Do you feel or fear being out of control on more challenging terrain? If so, I bet you suffer from turning to slow instead of turning to go syndrome.
Yes, contrary to widely spread and immensely popular rumors, turns are meant to help you go, not to help you slow. This is the closely guarded secret of folks who glide by with relaxed smiles as they dance down the mountain. Working with gravity instead of against it, they use a lot less effort and have a lot more fun. You can too – here’s how:
Understand speed control: The tracks you leave in the snow trace a path that controls your speed by taking a longer route from top to bottom than going straight. To go slower, make more turns or tighter turns, or do both. If you want to go faster, follow a straighter path.
Tip, then turn: You can only flop from turn to turn when you try to turn your skis before you tip them downhill. If you tip, then turn, you’ll be able to replace the desperate flop to get your skis back across the hill and dug into the snow as fast as possible with a flow from turn to turn. To flow instead of flop, start a new turn by moving your core toward where you want to go as you tip your feet downhill. This will roll your uphill edges out of the snow and flatten your bases against the snow. From this neutral position, it’s easy to tip and then turn your skis into the next turn and to flow forward into the next arc on a smooth and sinuous path of speed control.
This is simple but not easy. It requires letting go of the natural tendency to lean uphill and away from the slope, an ability to tip your skis from edge to edge while staying over and moving with your feet, and knowing where you are going from turn to turn.
I can help you understand, experience, and own these and other skills in daily lessons and specialty clinics throughout the season. Call now to book a lesson to learn to turn to go instead of to slow and to flow instead of flop from turn to turn.
Powder days leave otherwise good skiers struggling in fear on the side of a run as locals whoop and swoosh by. If this is you, take heart. You’re not alone, and you can learn how to enjoy your own freshies just like a “real local.”
The key to floating instead of fighting the powder is turning to go instead of to slow. Turning to go controls your speed with a series of turns that keeps you moving at a consistent and comfortable speed along a serpentine path through the powder. Turning to slow is trying to control your speed one turn at a time.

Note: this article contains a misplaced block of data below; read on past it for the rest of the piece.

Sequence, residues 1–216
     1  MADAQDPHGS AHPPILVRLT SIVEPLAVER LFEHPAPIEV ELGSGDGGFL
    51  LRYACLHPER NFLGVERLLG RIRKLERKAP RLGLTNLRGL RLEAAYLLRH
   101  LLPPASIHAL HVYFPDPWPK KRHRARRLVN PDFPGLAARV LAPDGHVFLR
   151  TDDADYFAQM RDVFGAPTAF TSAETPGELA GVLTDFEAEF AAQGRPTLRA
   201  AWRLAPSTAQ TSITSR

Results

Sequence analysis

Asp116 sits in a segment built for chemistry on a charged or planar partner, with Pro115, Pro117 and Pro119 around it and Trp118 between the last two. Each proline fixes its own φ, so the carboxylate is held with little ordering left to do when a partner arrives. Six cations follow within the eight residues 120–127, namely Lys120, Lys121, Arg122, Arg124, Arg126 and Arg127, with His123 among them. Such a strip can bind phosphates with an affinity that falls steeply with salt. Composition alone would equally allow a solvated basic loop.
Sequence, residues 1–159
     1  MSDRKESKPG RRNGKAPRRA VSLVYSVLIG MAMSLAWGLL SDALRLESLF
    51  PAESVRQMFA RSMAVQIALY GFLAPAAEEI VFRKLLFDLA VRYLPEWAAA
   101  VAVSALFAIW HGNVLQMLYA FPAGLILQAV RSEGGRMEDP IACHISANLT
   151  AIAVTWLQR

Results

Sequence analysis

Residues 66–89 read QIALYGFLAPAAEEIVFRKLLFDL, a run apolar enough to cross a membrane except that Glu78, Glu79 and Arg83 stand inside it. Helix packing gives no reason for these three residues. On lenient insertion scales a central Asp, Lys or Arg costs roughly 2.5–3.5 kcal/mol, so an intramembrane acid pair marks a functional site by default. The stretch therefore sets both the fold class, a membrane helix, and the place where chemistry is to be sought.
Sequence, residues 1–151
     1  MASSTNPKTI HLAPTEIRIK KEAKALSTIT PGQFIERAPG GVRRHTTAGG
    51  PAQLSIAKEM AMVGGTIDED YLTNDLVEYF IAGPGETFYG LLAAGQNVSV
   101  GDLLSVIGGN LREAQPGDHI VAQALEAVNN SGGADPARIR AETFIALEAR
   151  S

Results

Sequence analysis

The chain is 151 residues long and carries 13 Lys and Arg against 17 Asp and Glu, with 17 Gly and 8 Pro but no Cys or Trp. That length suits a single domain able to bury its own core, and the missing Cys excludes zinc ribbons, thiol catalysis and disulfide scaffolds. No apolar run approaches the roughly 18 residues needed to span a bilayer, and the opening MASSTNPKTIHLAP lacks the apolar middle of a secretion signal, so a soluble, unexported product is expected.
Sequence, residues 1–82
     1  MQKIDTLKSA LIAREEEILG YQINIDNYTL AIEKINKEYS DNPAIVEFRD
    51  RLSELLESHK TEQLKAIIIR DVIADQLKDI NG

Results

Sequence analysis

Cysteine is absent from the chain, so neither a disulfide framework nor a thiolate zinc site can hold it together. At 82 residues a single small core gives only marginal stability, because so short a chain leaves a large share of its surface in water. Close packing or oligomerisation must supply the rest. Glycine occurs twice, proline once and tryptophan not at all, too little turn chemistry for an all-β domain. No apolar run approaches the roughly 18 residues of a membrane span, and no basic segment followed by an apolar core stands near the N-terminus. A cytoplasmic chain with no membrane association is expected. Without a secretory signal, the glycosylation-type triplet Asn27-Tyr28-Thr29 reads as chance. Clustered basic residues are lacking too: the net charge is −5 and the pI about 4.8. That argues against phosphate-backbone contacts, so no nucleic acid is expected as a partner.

On groomed snow, you ski on the snow. In powder, you ski in the snow. This requires a few adjustments. On a groomed slope, turning to go puts you on the edge of the outside ski as it bends and cuts a curved path through the snow. Turning to go in the powder is more of a three dimensional experience, where you ride through each turn on the base of both skis as they bend. This takes a narrower stance that weights both skis so they bend together into the turn. Skiing in the snow also slows you down, so you need to let go of the last turn and start the next one sooner to prevent your skis from sinking into the snow at the end of each turn, making the next turn much harder to begin. You also need to keep your skis flatter to the slope (edge or tip them less) to keep them from slicing into the snow, which also causes them to sink and stall.
Learn to make these adjustments while traversing a gentle powder slope. After you build some speed, flex and extend to bow your skis into the snow. This should bring your tips out of the snow as your skis rebound from each compression. Move your body downhill and across your skis as your tips surface to make your first powder “turn to go”. This will tip both skis into the turn. As your tips turn downhill, extend your legs to help your skis bow into the turn. Be patient and trust the bow of your skis and the resistance of the snow to slow you down as you turn through and across the falline (the line that goes straight down the hill). Before your stall and sink into the snow, move your body downhill and across your skis to make your next turn. Resist the urge to quickly twist your skis as they point downhill, which will kill your speed and send you to the bottom, leaving you mired in the powder as you attempt to start the next turn. The timing is bring the tips up, move downhill and over your skis to start the next turn, then extend as you turn your feet, knees and thighs across the hill to guide the skis through the turn. Repeat before your skis turn very far across the hill.
As you move to steeper slopes, experiment with how much flexion and extension you need to bow and release your skis, how far to turn across the falline to control your speed without stalling, and how much to tip and turn your legs and feet. Keep the triangle defined by your belly button and shoulder pointed toward the bottom of the hill by turning your pants (your legs) more than your jacket (your upper body). If you keep going over the handlebars, don’t tip and turn so much, or don’t tip and turn all at once.
And for heaven’s sake, don’t sit back – there’s simply no need to with today’s equipment.